By: Lou Sessinger The Intelligencer
Bobby Fischer might be living proof that genius is no defense against lunacy.
Fischer hasn't been a household word since 1972. That was when, at the age of 29, he became the greatest chess player in the world by dethroning the Soviet Union's Boris Spassky in Reykjavik, Iceland.
It was called the "chess match of the century," and Fischer was hailed as a boy wonder and an American Cold War hero. He was the first officially recognized American world champion in a highly intellectual game that had been dominated by Soviets since the close of World War II.
For many in America, Fischer's brilliant victory showed the Soviets that we were just as smart as they were, even smarter.
But soon Fischer's eccentricity emerged.
In 1975, the International Chess Federation stripped him of his title after refusing to meet the temperamental Fischer's terms for a match with Soviet challenger Anatoly Karpov.
After that, Fischer all but dropped from public view. He didn't compete in another chess tournament until 1992. It was a rematch with Spassky that took place in the former Yugoslavia. Fischer won the match, 10 games to five, and walked off with the prize of $3.3 million.
But it also landed him in hot water with the U.S. government.
The Feds said his chess match violated United Nations sanctions against doing business with the warring republics that used to be known as Yugoslavia and issued a warrant for his arrest. So Fischer went on the lam, living at various times in Hungary, Germany, Japan, the Philippines and other nations.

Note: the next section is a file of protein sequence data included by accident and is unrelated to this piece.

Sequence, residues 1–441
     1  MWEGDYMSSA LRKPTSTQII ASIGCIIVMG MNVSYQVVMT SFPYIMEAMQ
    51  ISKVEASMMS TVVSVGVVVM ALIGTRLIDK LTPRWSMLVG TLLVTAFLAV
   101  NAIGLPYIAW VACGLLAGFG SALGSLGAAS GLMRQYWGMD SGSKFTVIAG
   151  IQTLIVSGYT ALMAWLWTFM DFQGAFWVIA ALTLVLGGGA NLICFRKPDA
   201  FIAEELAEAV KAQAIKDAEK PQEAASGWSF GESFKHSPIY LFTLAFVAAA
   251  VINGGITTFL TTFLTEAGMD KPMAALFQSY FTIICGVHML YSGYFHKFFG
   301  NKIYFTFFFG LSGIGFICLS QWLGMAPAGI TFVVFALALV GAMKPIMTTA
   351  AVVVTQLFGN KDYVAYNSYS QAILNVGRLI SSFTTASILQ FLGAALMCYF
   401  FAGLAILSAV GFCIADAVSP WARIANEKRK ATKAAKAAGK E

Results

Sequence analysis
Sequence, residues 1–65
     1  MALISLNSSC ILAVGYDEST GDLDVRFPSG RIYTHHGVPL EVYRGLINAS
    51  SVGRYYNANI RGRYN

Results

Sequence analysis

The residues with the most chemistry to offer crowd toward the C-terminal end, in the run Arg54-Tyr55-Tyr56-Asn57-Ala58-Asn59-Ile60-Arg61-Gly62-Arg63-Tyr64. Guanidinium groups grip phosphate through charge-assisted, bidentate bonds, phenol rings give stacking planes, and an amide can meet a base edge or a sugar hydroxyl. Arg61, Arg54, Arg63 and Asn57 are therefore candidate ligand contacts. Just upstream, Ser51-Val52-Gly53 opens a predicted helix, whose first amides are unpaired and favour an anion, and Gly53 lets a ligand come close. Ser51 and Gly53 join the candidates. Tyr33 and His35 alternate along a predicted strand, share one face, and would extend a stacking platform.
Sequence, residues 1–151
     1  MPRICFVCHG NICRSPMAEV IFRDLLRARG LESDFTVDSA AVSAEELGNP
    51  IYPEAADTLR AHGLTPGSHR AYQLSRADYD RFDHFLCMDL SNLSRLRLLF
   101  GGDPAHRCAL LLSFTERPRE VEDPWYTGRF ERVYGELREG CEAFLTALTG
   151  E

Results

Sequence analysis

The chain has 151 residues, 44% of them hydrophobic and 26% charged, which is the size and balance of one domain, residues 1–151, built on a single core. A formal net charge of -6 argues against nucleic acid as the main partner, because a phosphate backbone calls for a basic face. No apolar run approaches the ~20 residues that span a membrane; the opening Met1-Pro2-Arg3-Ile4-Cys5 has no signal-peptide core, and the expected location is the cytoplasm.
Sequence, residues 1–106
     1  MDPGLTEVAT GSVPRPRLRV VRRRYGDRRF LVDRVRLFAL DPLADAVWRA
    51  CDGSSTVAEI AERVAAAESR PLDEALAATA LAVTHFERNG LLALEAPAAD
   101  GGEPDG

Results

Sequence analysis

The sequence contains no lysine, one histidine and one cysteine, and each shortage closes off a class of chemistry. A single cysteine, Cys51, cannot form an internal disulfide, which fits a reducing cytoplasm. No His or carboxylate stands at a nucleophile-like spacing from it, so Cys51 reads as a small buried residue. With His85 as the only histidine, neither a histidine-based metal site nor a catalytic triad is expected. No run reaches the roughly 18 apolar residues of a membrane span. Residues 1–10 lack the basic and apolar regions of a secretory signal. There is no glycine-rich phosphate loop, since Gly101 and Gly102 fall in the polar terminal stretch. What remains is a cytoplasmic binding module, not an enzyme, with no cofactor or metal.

From time to time he would give radio interviews. He'd talk about chess, but increasingly he'd rant about being the target of U.S. and Jewish conspiracies. He had become a raving anti-American and virulent anti-Semite, ironic considering his mother was Jewish.
This is what he said on a Filipino radio station hours after the terrorist attacks of Sept. 11:
"This is all wonderful news. It is time to finish off the U.S. once and for all. I was happy and could not believe what was happening. All the crimes the U.S. has committed in the world. This just shows what goes around comes around, even to the U.S.
"I applaud the act. The U.S. and Israel have been slaughtering the Palestinians for years. Now it is coming back to the U.S."
It's not the kind of speech that endears him to his fellow countrymen.
The United States revoked Fischer's passport in 2003.
Last July, he was detained in Japan while trying to board a plane for Manila without a valid passport. He is being held at a Japanese detention center where he's fighting Japan's efforts to deport him to the United States, where he faces arrest.
And so there sits Bobby Fischer, 61 years old and behind bars waiting for the Japanese government to decide what to do with him.
He has his supporters. Iceland has offered to issue him a passport. There's a Web site called Free Bobby. Based on the messages posted there, it seems that most visitors are chess fans who admire his prowess and snarling Jew-haters like him.
It might be easy to dismiss Fischer as an eccentric genius, but the depth of his professed hatred and paranoia is both frightening and sad.
Some consider him to be the greatest chess player ever, but instead of riding the wave of his early successes, he chose to drop out to brood about and rail against his so-called enemies, be they real or imagined.
Fischer has become like a character in a Greek tragedy. He had fame, fortune, genius and talent, but he also had a fatal flaw. Perhaps the Grandmaster couldn't master himself and so has become undone by his own ego and pride.
A sad end for such a smart guy.
Lou Sessinger is a columnist with The Intelligencer. He can be contacted at (215) 957-8172 or lsessinger@phillyBurbs.com.